Forging the Gears

Bishop Steven's address to the Missional Communities Conference 29 March 2012

A warm welcome to Sheffield and to this Conference.  It’s good to see so many old friends here.  It’s good to see the whole fresh expressions movement continuing to flourish and to take part in this day conference.


I want to explore with you today a conviction which has been growing for some months now.


It is the conviction that one of the principal challenges for the Church of England over the next ten years will be the key challenge of helping the structures of the institutional church relate creatively to the new mission movements which are emerging and helping the new mission movements relate to the structures of the Church of England.


To a greater or lesser degree, the question is also true for the other denominations and churches which are partners in the Fresh Expressions initiative.  How do we enable these two manifestations of the church to work together creatively and well.  How do we enable church as parish and diocese, on the one hand, and church as movement of mission on the other to complement one another in God’s economy rather than to work against each other?


One of Jesus’ more difficult sayings is embedded in all three of the synoptic gospels (Matthew, Mark and Luke).  This is Matthew’s version:


“No-one sews a piece of unshrunk cloth on an old cloak, for the patch pulls away from the cloak, and a worse tear is made.  Neither is new wine put into old wineskins; otherwise the skins burst and the wine is spilled, and the skins are destroyed: but new wine is put into fresh wineskins, and so both are preserved”.


I’ve seen exegesis of this saying which priviliges the new over the old.  I’ve seen exegesis which privileges the old over the new.  The truth is that both are valuable.  The sayings are I think about the difficulty and complexity and challenge of old and new working together creatively and well, valuing one another, enriching each other and blending together.  Whatever else Jesus is saying is he is saying that this is not a straightforward exercise.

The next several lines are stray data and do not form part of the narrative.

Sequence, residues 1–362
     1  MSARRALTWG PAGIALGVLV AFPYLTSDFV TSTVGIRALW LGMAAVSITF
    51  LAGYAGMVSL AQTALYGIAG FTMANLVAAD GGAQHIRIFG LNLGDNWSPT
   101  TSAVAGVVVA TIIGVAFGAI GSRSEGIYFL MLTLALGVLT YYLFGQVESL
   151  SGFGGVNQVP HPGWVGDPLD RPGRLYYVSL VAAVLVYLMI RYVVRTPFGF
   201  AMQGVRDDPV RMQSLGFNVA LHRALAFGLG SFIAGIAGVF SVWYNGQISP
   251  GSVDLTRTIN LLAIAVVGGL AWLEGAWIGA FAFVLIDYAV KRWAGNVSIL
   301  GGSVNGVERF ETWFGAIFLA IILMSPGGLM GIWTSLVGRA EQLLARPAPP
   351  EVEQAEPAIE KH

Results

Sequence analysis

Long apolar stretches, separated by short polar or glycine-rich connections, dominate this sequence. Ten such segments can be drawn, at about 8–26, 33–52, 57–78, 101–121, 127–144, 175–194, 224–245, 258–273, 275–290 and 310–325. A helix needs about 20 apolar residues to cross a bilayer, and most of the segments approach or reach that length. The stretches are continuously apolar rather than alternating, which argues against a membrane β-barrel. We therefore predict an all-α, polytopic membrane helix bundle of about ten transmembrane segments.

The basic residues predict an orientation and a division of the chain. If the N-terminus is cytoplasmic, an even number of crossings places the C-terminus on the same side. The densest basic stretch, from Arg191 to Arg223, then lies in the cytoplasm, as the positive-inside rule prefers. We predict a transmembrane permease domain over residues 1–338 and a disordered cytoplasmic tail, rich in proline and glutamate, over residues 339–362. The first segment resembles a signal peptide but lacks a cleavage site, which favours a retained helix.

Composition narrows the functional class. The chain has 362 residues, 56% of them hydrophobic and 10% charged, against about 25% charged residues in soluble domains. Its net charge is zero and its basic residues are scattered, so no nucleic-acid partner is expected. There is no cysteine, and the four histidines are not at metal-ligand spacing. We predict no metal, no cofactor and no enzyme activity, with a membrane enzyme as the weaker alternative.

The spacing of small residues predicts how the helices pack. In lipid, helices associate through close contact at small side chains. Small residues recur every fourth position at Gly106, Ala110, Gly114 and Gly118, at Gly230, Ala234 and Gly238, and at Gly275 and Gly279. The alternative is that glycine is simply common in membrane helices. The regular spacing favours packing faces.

I’m grateful for George Lings paper circulated before the conference on Modality and Sodality and for George pointing us again to Ralph Winter’s classic article on the two structures of God’s redemptive mission.  I was first introduced to the terms and the ideas of modality and sodality in Eddie Gibb’s book, I believe in Church Growth, published in 1981 when I was at theological college.  I think the terms are very useful and what I want to say this morning builds on this language.


What I say this morning is a response to what I observe is happening, what I discern God is doing, at the present time in the Church of England from my perspective on the last decade.  As you will know, from 2004 until 2009 I was team leader of Fresh Expressions, largely listening to what is happening in hundreds of different contexts across the country.  For the last three years I have been a diocesan bishop in this particular diocese.  The area we serve as a diocese is among the very poorest in the country.  Church attendance and affiliation is among the lowest in the country.  Yet we also have some of the largest Anglican churches outside London in the city of Sheffield and we are home to some of the most exciting and interesting of the new mission movements in the world.


As everyone here will know, Mission-shaped Church in 2004 recognised something God was doing and affirmed the creation of new ecclesial communities – fresh expressions of church – through intentional and incarnational mission – pioneer ministry.  The present reality and the end product was, in Rowan William’s helpful phrase, the mixed economy church: fresh expressions of church within and alongside parish churches as a normal expression of Anglican life.


So far so good.  But this conference bears witness to another facet of the reality of the mixed economy church.  Something is happening here at more than local level.  It is possible to see now much more clearly than in 2004 a significant number of mission movements at work across the Church in the United Kingdom, across different denominations, enabling the creation of fresh expressions of church at local level and also these wider movements and connections.


The pattern as I see it is very varied indeed.  Some of these movements are very informal and liquid still.  Others have thicker identities, clearer structures and constitutions.  Some are renewed forms of older mission societies.  Others are new ventures struggling for language to describe what they are doing.    Some have their origins in particular ecclesial traditions.  Some have sprung from networks of parish churches.  A few borrow from abroad.  But the majority, interestingly, have emerged in the UK and some of these are international in their significance.